Without federal dollars, FY21 state budget will be grim for counties
Without numbers scheduled to be derived from the next consensus revenue estimating conference slated for late August, we can only estimate the anticipated state budget deficit for fiscal year 21, which beings Oct. 1, 2020. However, all indications lean toward a General Fund shortfall of more than $3 billion.
Should the federal government not provide additional, direct and flexible funding to states and local governments, the Michigan Legislature will be forced to make drastic cuts to roads, local governments, universities, community colleges, corrections and human services, all primary recipients of unrestricted General Fund dollars each year. The State Budget Office is anticipating a $3.1 billion deficit, while sources in the Legislature are expecting something closer to $3.5 billion for FY21.
Counties were spared drastic cuts in the FY20 budget due to the allocation of federal CARES dollars to help mitigate the impact of the eliminated August revenue sharing payment. But without additional federal dollars, it’s safe to say we can anticipate losing a large percentage of the more than $200 million in statutory revenue sharing for FY21, in addition to cuts to other areas of the state budget.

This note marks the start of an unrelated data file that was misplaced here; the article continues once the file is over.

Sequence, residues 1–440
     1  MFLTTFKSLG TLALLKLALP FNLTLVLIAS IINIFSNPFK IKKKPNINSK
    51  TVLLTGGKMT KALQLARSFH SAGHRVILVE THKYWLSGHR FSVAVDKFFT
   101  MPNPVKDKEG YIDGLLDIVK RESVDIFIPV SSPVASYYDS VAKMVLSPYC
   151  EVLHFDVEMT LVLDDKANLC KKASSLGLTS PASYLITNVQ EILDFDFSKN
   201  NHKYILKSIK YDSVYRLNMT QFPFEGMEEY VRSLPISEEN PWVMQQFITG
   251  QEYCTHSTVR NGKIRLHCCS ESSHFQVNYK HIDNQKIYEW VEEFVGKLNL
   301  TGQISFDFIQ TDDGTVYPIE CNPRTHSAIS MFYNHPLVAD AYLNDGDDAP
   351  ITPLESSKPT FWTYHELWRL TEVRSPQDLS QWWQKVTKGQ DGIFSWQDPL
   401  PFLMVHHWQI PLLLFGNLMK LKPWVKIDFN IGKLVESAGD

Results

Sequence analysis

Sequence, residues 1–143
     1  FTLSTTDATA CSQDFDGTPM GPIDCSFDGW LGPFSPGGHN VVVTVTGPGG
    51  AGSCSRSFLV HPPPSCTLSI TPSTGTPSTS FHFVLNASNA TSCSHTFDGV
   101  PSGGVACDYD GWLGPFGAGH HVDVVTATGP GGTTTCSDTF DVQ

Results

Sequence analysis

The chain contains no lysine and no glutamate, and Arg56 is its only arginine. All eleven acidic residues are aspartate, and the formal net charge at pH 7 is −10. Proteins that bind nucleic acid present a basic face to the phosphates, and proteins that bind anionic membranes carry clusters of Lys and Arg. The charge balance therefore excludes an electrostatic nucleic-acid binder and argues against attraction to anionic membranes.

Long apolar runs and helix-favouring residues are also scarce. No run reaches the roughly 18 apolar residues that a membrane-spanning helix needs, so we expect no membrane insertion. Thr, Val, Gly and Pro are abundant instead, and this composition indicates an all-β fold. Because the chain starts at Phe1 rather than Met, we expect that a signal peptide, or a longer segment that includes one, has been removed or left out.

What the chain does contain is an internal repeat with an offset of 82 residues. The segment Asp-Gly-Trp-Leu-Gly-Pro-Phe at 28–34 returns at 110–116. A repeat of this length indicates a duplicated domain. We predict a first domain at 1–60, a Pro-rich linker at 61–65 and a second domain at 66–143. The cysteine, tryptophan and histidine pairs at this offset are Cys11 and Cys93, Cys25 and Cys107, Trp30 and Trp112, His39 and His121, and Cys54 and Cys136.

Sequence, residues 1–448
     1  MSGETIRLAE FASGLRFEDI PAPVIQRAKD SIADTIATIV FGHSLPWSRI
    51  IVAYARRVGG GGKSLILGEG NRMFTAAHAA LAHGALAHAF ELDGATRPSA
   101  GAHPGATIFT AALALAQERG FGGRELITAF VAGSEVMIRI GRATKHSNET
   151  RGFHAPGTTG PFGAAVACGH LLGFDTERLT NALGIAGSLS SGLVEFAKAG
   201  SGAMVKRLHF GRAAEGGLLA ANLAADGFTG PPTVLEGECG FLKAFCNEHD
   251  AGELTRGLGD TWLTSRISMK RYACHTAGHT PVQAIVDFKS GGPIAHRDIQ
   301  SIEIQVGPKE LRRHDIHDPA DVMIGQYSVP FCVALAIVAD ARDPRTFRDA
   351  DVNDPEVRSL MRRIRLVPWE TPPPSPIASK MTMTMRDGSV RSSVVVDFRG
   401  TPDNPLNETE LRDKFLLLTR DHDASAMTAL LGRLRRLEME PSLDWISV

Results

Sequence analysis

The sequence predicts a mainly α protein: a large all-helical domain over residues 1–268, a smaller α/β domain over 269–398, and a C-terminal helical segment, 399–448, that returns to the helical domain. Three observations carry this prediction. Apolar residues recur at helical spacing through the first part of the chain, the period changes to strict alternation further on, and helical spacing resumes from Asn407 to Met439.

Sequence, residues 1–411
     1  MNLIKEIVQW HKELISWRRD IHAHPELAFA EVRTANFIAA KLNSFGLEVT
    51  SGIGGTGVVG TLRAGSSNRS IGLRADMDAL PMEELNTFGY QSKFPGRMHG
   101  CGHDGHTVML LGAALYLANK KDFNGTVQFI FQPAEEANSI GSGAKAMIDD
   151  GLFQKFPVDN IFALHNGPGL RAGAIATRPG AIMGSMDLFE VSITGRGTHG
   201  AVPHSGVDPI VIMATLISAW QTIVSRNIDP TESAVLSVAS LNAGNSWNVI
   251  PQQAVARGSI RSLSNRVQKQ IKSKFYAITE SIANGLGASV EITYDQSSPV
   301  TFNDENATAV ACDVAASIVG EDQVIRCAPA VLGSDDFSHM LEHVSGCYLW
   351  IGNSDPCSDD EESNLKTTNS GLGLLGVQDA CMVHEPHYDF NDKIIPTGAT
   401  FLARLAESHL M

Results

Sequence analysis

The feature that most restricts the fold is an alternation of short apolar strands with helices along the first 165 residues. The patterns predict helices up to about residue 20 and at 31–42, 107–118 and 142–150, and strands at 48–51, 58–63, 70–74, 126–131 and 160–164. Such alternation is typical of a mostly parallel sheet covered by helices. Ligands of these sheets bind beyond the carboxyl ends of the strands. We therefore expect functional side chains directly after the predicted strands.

Again, all hinges on the August Consensus Revenue Estimating Conference and the actions at the federal level regarding continued COVIS-19 mitigation funding.
For more information on this issue, contact Deena Bosworth at email@example.com.
Legislative County Caucus expected to grow in 2021
The ranks of MAC’s County Caucus in the Legislature should grow in 2021 following the results of the Aug. 4 legislative primaries this week.
Five current county commissioners won their party’s primary in House districts that solidly favor one party or the other, setting them up to be elected to the House of Representatives in November:
- Bob Bezotte of Livingston County won the Republican nomination in House District 47.
- Ken Borton of Otsego County won the Republican nomination in HD 105.